Zara constantly records customer feedback given to the staff, and that feedback is relayed to its headquarters daily. Based on such feedback, its team of in-house designers quickly introduces new designs and then its factories manufacture clothes based on those designs (Levin, 2013). Zara’s key customer bases are college-age kids and young females under the age of 30 who look for inexpensive but stylish fashions. Zara also sells men’s clothing lines, aiming at the stylish and youthful. In Europe, Zara has attracted a cult following from many young people. Most U.S. young adults have rarely shopped at Zara, but that seems likely to change in the near future. In 2008, Zara overtook Gap as the biggest apparel retailer in the world. Zara opened an additional 360 stores in just 2012 alone. Zara has grown from 179 stores, mostly in Spain, to more than 6,100 stores with 116,110 employees in 86 countries, including the U.S., Canada, and Russia (Reuters, 2013). With its eyes on U.S. customers, Zara can offer these customers an option previously unavailable to them, thus competing head-to-head against established U.S. brand apparel stores such as Gap, Abercrombie & Fitch, and J. Crew. It has a unique, youth-oriented, no-advertisement marketing strategy in which logistics plays an important role. Zara’s supply chain process defies conventional wisdom, as illustrated in Exhibit 1.1.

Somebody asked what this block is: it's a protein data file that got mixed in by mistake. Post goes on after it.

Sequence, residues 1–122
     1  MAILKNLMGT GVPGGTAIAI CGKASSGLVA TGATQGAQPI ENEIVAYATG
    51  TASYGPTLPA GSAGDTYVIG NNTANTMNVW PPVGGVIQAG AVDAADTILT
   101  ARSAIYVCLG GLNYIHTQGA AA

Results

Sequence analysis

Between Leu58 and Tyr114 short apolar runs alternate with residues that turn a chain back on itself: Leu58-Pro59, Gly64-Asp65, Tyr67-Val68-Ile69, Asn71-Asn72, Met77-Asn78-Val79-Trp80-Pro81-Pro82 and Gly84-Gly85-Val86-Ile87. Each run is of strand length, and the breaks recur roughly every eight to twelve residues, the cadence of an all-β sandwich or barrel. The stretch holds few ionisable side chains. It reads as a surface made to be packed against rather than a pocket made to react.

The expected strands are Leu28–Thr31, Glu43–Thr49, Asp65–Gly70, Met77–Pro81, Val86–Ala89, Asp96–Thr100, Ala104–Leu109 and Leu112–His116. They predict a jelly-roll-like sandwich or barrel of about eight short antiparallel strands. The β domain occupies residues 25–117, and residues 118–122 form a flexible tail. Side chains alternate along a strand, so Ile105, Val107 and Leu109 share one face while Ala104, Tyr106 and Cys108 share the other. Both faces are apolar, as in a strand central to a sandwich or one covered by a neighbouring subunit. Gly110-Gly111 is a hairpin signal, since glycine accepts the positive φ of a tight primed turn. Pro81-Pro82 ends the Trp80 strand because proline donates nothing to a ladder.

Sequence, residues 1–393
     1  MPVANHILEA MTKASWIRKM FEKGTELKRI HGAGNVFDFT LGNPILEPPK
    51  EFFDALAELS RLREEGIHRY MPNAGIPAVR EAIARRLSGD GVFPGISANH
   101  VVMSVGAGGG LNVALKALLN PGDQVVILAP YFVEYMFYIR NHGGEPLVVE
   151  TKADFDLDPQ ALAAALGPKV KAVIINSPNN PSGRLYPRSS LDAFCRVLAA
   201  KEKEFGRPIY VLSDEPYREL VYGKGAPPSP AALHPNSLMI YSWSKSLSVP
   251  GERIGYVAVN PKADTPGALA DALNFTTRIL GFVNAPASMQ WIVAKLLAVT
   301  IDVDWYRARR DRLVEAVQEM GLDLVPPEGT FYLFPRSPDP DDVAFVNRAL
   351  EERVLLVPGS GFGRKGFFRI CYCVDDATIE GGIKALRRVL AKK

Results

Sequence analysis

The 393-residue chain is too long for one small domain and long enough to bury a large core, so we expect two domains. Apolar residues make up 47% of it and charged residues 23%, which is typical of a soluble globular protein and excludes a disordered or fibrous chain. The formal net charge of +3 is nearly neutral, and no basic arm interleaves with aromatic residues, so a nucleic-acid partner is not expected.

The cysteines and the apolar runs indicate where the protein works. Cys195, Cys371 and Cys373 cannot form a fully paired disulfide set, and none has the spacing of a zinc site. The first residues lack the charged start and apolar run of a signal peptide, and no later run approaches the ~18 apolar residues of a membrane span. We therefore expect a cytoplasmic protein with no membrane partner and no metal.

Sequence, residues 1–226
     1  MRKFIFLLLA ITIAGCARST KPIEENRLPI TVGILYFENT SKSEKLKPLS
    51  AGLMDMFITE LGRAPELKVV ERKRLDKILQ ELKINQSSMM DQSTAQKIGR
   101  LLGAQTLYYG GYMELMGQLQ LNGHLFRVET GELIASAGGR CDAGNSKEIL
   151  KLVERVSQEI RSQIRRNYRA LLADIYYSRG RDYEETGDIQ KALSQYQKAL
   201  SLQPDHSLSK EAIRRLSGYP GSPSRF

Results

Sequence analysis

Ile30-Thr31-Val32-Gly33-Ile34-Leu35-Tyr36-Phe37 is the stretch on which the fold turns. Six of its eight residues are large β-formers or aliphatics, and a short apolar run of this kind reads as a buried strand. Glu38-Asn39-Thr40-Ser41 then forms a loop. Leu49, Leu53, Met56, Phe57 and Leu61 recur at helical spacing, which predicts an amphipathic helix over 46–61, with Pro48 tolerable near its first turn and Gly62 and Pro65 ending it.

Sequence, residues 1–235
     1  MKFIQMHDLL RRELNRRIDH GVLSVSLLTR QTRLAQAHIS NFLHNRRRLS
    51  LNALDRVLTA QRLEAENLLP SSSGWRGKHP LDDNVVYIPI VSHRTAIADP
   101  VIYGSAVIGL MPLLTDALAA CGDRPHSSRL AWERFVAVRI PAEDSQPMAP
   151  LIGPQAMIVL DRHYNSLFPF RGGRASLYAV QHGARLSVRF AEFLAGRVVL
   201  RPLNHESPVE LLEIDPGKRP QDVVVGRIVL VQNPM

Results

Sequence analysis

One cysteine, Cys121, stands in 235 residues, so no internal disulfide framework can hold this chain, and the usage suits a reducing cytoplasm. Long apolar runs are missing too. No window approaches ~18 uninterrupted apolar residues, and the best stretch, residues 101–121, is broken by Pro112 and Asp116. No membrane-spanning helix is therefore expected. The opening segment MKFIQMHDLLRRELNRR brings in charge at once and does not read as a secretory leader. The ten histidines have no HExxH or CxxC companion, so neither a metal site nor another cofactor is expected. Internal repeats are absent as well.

Exhibit 1.1. Comparison of Zara’s Supply Chain Process with Conventional Wisdom


Conventional Wisdom

Zara’s Supply Chain Process


Develop designs based on prediction.

Reach customers.


Find supply sources or contract manufacturers.

Bring customers to the store and listen to them at the point of sale.


Contract manufacture.